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High school students participating in the Discover Law program at the William S. Richardson School of Law

Fifty-two local high school students took part in a special Discover Law program at the University of Hawaiʻi at Mānoa’s William S. Richardson School of Law on Friday, learning about the possibility of careers in law and the broad scope of justice in their own community.

Students from Waipahu and Roosevelt High Schools, along with teachers and counselors, spent the morning at the William S. Richardson School of Law learning about trial procedures; doing legal exercises, including one involving the delicate art of negotiation; and hearing from law students.

For Brent Micua, a 16-year-old junior from Waipahu High, which has a law and justice academy, it was a chance “to learn about the law and justice” from people who are teaching and practicing it every day.

“I watch a lot of cop shows like Criminal Minds and I think it’s pretty cool,” he said. He also thinks that someday—after he graduates and finishes college—he just might consider law school.

Those are the kinds of ideas Roosevelt teacher Ryan Darnell hopes are being fostered with this UH partnership. “By giving them a taste of law school it could help them decide what their major might be,” he said.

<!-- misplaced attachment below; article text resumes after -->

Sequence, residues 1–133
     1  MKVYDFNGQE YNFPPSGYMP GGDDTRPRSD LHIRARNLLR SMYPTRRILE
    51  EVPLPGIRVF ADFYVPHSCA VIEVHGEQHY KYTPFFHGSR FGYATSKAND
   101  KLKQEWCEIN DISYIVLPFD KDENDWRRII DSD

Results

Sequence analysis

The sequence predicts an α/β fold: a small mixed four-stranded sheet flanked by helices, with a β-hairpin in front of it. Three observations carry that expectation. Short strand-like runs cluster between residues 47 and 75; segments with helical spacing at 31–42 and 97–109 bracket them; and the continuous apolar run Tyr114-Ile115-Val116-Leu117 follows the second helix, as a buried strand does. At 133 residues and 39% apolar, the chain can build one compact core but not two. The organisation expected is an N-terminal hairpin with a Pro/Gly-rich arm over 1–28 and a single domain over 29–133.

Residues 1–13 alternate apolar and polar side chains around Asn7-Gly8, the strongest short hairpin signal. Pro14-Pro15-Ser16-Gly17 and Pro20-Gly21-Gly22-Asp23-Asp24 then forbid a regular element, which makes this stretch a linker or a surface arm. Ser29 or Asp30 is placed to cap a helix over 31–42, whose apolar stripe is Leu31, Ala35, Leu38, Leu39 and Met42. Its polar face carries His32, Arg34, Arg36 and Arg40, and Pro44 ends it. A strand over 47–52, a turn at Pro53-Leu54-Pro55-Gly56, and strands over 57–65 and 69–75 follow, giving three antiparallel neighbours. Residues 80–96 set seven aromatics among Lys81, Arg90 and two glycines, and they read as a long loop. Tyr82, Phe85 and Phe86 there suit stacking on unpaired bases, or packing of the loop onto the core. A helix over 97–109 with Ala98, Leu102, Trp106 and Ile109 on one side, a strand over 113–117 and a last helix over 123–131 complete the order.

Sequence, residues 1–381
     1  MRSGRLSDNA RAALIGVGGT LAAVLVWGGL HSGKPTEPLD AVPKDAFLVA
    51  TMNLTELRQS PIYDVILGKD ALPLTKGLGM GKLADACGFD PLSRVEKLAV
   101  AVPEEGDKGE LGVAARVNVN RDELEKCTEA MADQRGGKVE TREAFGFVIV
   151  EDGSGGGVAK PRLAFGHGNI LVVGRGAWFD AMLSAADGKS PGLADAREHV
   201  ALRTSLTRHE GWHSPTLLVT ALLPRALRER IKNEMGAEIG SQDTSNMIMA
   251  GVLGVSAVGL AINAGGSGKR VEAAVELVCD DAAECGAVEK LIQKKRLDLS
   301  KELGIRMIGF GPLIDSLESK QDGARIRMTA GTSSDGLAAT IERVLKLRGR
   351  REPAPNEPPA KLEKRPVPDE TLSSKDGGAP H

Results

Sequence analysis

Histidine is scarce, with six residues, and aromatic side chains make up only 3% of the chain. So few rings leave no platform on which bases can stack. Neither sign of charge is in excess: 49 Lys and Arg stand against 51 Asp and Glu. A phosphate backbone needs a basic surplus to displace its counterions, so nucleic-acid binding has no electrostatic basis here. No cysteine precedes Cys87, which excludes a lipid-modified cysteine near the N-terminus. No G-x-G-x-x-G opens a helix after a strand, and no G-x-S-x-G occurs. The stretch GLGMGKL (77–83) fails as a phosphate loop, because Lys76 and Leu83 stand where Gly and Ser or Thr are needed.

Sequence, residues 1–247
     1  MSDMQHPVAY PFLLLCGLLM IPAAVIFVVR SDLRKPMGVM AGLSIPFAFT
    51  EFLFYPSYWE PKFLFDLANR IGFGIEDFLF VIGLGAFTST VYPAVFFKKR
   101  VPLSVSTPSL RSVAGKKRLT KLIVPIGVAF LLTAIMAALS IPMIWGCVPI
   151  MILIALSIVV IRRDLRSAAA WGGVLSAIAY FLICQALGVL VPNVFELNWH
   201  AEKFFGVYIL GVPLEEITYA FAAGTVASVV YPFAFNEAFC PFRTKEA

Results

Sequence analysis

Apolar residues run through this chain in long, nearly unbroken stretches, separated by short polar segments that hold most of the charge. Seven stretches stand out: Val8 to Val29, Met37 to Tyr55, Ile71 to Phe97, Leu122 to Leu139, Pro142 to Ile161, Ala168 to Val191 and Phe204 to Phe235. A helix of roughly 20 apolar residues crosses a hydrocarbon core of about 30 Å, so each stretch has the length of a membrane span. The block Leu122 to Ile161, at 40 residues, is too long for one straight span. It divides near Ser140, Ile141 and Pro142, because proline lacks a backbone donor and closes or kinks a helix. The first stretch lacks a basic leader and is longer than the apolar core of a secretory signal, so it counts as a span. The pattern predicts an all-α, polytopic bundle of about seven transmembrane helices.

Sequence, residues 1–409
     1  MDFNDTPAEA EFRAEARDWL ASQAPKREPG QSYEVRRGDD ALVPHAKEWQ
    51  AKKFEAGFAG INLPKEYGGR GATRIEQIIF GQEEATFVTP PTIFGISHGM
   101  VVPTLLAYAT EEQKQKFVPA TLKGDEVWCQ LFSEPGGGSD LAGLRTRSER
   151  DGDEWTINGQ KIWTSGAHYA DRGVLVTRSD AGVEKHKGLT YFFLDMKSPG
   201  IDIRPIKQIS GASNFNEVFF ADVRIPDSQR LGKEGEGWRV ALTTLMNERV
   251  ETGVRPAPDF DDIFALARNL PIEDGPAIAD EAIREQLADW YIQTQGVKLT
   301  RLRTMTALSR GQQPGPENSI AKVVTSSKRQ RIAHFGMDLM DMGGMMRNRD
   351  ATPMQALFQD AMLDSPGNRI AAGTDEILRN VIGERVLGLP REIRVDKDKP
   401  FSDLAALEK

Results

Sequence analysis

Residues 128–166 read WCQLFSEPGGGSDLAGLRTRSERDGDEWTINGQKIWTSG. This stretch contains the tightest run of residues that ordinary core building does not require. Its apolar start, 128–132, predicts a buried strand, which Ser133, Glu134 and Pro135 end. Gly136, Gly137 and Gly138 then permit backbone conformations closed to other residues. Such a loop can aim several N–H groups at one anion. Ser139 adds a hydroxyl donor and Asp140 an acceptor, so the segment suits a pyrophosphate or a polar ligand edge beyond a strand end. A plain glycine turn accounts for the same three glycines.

Learning about law first hand

James Diehl, a third-year law student graduating this coming May, is the president of SPOCE, Students for Public Outreach and Civic Education, an organization of Richardson law students that planned the program. Diehl said that simply having the opportunity to visit the UH law school and to hear from professors is a unique chance to explore potential careers as well as to be introduced to the only law school in the Pacific.

“For a lot of students this is the only way they’re going to be exposed to law at an early age,” said Diehl. “For a lot of students it’s an eye-opening experience.”

It’s also an experience that many of the UH law students wished they had had.

“I grew up in the public school system and I never learned even the most basic things about law that a citizen should understand,” said Lucy Brown. “From a civics standpoint, it should be taught and a face put to it. These students are intrigued, they’re figuring it out and problem-solving and it’s exciting to see them engaged and interested. That’s what we’re doing every day in law school.”

“No students at any other law school are as involved in the community as are Richardson students,” said law school dean Avi Soifer. “This program is just one good example of their willingness to commit time and effort to others, no matter how busy they are.”

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